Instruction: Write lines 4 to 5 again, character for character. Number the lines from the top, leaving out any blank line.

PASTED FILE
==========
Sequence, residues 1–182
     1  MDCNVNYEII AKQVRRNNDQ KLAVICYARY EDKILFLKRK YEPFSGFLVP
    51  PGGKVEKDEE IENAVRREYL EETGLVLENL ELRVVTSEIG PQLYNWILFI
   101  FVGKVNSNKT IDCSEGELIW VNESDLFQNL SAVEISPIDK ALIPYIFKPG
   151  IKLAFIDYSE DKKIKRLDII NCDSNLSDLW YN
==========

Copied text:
   101  FVGKVNSNKT IDCSEGELIW VNESDLFQNL SAVEISPIDK ALIPYIFKPG
   151  IKLAFIDYSE DKKIKRLDII NCDSNLSDLW YN